Terry Moore

Terry Moore

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'Mansion Of Blood' premiere and awards ceremony

Terry Moore - 'Mansion Of Blood' premiere and awards ceremony at American Cinematheque's Egyptian Theatre - Arrivals at Egyptian Theatre - Los Angeles, California, United States - Wednesday 20th May 2015

Terry Moore

The 10th Annual Los Angeles Jewish Film Festival - Arrivals

Terry Moore - The 10th Annual Los Angeles Jewish Film Festival - Arrivals at Saban Theatre - Los Angeles, California, United States - Friday 1st May 2015

Los Angeles premiere of 'Do You Believe?'

Teri Copely and Terry Moore - Los Angeles premiere of 'Do You Believe?' - Arrivals at ArcLight Theater Hollywood - Los Angeles, California, United States - Monday 16th March 2015

Terry Moore

2014 Los Angeles Jewish Film Festival - Opening Gala

Terry Moore - 2014 Los Angeles Jewish Film Festival held at The Steve Tisch Cinema Center at the Saban Theatre - Opening Gala - Los Angeles, California, United States - Friday 2nd May 2014

Screening of 'Saving B. Jones' held at the ICM Screening Room in Century City - Arrivals

Terry Moore Thursday 13th December 2012 Screening of 'Saving B. Jones' held at the ICM Screening Room in Century City - Arrivals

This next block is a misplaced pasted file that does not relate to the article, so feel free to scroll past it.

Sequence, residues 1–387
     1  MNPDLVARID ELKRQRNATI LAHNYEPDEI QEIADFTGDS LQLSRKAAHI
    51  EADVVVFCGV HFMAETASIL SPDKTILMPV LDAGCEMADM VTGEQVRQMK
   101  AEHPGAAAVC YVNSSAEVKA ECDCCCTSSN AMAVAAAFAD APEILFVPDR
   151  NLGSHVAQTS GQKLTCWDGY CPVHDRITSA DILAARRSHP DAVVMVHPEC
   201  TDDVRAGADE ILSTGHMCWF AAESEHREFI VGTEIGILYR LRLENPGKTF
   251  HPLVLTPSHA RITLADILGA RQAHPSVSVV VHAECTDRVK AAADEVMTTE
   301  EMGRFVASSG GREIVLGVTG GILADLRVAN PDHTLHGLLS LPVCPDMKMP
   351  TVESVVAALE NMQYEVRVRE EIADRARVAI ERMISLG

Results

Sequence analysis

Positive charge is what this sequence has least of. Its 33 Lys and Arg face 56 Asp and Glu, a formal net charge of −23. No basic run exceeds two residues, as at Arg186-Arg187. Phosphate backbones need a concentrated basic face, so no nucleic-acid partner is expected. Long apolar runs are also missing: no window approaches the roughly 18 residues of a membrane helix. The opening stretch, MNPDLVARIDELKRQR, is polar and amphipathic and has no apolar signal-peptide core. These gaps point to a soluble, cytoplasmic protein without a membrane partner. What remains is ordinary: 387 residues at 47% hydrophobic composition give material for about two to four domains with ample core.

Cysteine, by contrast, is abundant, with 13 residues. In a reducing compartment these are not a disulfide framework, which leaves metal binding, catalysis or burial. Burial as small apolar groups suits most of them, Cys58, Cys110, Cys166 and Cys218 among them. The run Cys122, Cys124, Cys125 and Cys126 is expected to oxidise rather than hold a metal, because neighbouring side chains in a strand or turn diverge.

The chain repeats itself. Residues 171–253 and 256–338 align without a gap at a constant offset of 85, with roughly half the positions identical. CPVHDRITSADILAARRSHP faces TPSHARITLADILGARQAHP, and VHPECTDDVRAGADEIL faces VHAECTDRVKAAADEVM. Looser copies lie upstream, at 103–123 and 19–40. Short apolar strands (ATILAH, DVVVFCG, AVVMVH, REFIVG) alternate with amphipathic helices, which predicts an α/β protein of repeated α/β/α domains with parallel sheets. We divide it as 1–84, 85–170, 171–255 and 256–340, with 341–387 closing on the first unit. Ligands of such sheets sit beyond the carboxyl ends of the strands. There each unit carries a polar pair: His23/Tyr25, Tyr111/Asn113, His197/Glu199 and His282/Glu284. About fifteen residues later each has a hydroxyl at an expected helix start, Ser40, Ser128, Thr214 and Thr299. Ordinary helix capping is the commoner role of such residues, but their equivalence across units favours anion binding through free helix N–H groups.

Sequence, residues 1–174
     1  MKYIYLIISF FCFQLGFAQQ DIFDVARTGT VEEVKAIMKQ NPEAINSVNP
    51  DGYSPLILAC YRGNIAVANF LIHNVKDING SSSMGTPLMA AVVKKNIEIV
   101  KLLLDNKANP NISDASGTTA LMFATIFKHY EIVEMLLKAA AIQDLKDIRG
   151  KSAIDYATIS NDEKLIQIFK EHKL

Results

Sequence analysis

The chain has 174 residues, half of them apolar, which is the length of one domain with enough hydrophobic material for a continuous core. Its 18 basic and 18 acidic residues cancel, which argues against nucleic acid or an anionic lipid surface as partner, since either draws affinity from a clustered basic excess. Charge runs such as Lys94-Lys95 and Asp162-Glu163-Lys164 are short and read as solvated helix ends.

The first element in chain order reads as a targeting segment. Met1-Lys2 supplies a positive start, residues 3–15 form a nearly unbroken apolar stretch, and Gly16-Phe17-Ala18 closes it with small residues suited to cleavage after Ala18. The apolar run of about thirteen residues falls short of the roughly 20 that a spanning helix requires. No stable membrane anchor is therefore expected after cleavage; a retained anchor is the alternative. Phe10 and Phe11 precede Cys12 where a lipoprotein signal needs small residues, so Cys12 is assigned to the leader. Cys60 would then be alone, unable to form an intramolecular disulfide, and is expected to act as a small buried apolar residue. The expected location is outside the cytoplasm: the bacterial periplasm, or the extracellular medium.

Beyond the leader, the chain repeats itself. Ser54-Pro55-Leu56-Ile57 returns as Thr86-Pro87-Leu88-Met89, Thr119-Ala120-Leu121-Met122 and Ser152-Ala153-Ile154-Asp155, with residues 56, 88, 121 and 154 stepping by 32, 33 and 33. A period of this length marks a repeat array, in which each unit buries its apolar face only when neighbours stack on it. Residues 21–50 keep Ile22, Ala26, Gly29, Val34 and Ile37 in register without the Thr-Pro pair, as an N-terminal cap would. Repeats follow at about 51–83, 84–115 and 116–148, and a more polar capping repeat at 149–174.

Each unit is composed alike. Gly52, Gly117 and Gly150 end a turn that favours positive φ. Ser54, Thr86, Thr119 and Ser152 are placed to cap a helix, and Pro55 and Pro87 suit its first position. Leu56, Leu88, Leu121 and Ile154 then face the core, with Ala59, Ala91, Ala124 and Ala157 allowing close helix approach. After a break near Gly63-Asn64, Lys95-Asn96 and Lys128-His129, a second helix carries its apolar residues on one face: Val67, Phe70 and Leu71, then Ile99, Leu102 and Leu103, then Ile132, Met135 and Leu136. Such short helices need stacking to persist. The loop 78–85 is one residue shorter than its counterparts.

Mighty Joe Young (1949) Review


OK
16 years after King Kong, folks figured that people had forgotten what Kong's claymation effects looked like (hell, there'd been a World War in there!), so they figured they'd trot them out again. The story's about the same, too: A pet gorilla is brought back from Africa (this time with his owner/caretaker (Terry Moore), and exploited in a vaudeville act. In fact, this is the film's best moment, which gives us some drunks who first throw a bottle at Joe's head, then get him wasted. Other than that, the film is largely a retread that you may not find overly compelling.

Come Back, Little Sheba Review


Excellent
Come Back, Little Sheba is among the best of several booze-obsessed Hollywood melodramas of the 1950s (The Lost Weekend, Days of Wine and Roses, and The Country Girl covered the same territory). Adapted from the William Inge play, the film stars Burt Lancaster as Doc Delaney, an alcoholic trapped in an unhappy marriage. His wife Lola (Shirley Booth) was a college fling; she got pregnant, but lost the baby after they married. Predictably, he is still somewhat good-looking despite the booze, but she has let herself go, and is somewhat childish. Lola measures herself by her failure to interest him, and sublimates her disappointment with her life in annoying monologues about a lost dog (the titular Sheba). Delaney blames her for ruining his career. Added to this grim mix is an attractive young student who boards with them (Terry Moore) and becomes a surrogate child, inspiring conflicting feelings of protectiveness and jealousy in Delaney.

Continue reading: Come Back, Little Sheba Review

Terry Moore

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